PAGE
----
Opened in 1933 in what was then Bismarck’s showplace Patterson Hotel, Peacock Alley today is both a popular local meeting place and a must for visitors. Primarily a steakhouse with Asian touches, it serves such dishes as chicken and lemongrass potstickers, “messy and super delicious” half-pound burgers, and artichoke chicken, as well as a good selection of aged Angus beef in various cuts and more.

Source: Courtesy of Camp Washington Chili

> Restaurant: Camp Washington Chili
> Location: Cincinnati

Cincinnati chili has nothing to do with the Texas stuff. It’s basically a meat sauce with Greek-style spices served on top of spaghetti or hot dogs, usually with various combinations of onions, shredded cheese, and/or beans. Smithsonian magazine named it one of the country’s 20 most iconic foods. The most famous purveyors are the Skyline and Gold Star chains, but true aficionados swear by Camp Washington, which opened its doors in 1940. You can get breakfast sandwiches, burgers, or a tuna melt at Camp Washington if you want, but why would you? It’s all about the chili here.

Source: scaredykat / Flickr

> Restaurant: Cattlemen’s Steakhouse
> Location: Oklahoma City

Not to be confused with the California chain of the same name, this Cattlemen’s was born in 1910 in Oklahoma City’s Stockyards City area, home to major meat-processing plants. Cowboys, ranchers, and cattle haulers were among its first customers. There are drawings of some celebrated later ones on the walls, including John Wayne, Ronald Reagan, and George H.W. Bush. It’s not hard to guess what the focus of the menu is: prime or choice corn-fed Midwestern beef.

Source: leeco / Flickr

> Restaurant: Jake’s Famous Crawfish
> Location: Portland

Though it’s now part of the McCormick & Schmick’s chain, Jake’s, a downtown Portland landmark for more than 125 years, still captures the spirit of the Pacific Northwest. It also serves an ample selection of seafood (plus some other dishes) — oysters on the half shell, Dungeness crab and bay shrimp cakes, horseradish-crusted steelhead, cedar plank salmon with lemon butter sauce, and much more.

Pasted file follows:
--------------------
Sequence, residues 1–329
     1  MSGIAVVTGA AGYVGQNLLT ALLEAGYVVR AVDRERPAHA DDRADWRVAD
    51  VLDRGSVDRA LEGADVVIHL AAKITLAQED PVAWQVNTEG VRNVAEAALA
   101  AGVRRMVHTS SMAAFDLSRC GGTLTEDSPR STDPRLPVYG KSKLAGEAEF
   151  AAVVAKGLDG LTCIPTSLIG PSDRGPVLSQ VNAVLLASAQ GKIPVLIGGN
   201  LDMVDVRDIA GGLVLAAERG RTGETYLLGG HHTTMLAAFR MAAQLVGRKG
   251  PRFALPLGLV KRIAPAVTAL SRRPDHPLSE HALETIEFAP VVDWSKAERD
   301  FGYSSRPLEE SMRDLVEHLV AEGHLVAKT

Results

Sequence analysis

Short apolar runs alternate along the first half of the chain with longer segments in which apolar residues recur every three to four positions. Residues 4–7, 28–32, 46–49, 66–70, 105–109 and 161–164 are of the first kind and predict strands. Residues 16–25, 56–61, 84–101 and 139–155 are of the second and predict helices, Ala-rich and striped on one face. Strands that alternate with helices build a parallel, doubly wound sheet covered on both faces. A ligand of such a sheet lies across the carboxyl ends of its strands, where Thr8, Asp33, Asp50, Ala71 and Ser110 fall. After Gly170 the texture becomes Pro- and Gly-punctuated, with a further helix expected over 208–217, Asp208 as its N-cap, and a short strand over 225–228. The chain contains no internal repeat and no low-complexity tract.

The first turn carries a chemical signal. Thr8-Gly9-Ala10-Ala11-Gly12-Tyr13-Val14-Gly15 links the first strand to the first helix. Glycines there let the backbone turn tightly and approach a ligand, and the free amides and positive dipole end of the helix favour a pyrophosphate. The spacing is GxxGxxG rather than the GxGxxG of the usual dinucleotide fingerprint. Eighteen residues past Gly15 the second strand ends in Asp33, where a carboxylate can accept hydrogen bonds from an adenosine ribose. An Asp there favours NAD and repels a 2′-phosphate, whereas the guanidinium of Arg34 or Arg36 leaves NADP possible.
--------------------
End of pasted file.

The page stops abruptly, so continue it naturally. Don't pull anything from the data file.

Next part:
Source: skellysf / Flickr

> Restaurant: Reading Terminal Market
> Location: Philadelphia

Okay, this historic 130-year-old covered market isn’t a restaurant, but it’s an essential stop for any food-lover who comes through Philadelphia. And in addition to its array of appetite-stimulating produce, seafood, meats and poultry, baked goods, and more, it happens to be a great place to eat, with more than 30 food stalls preparing everything from Philly’s famous cheesesteaks (available from at least three purveyors), Italian hoagies, pizza, hot dogs, and burgers to Spanish, Chinese, Italian, Japanese, Caribbean, Cajun, Thai, Middle Eastern, and Pennsylvania Dutch fare (and more).

Source: Courtesy of Matunuck Oyster Bar

Rhode Island
> Restaurant: Matunuck Oyster Bar
> Location: South Kingston

The Rhode Island coast yields some of the seafood in the Northeast, and this waterfront restaurant sources and prepares it superbly. The restaurant has its own oyster beds (and also brings in other excellent oysters from the area), as well as its own organic vegetable farm. Fried calamari from nearby Point Judith, oysters Rockefeller, lobster roll, sesame seared tuna salad, grilled Atlantic salmon…The place is a seafood lover’s paradise.

Source: Courtesy of Peninsula Grill

40. South Carolina
> Restaurant: Peninsula Grill
> Location: Charleston

The signature dish at this genteel 26-year-old Charleston restaurant is a 12-layer “ultimate coconut cake.” There’s a lot more than that, though, served in the handsome dining room with its seagrass flooring and farmland wall murals and in the courtyard lit with carriage lanterns. The she-crab soup, pan-seared diver scallops, and rack of lamb with port-poached pear and pecans are examples of the upscale fare.

Source: Courtesy of The Pheasant Restaurant & Lounge

41. South Dakota
> Restaurant: The Pheasant Restaurant & Lounge
> Location: Brookings

It may have started as a gas station café on the edge of town, this 74-year-old classic in Brookings, a small city north of Sioux Falls, has grown into a serious restaurant showcasing local flavors. Dishes not to miss include the South Dakota specialty called chislic (cubes of deep-fried lamb served with blue cheese dressing and crackers), pheasant salad with lettuce wraps, roasted red pepper spätzle with local sausage, and South Dakota bison filet with a First Nations-inspired sauce of raspberries, herbs, and honey.

Source: larrison / Flickr

42. Tennessee
> Restaurant: Gus’s World Famous Fried Chicken
> Location: Mason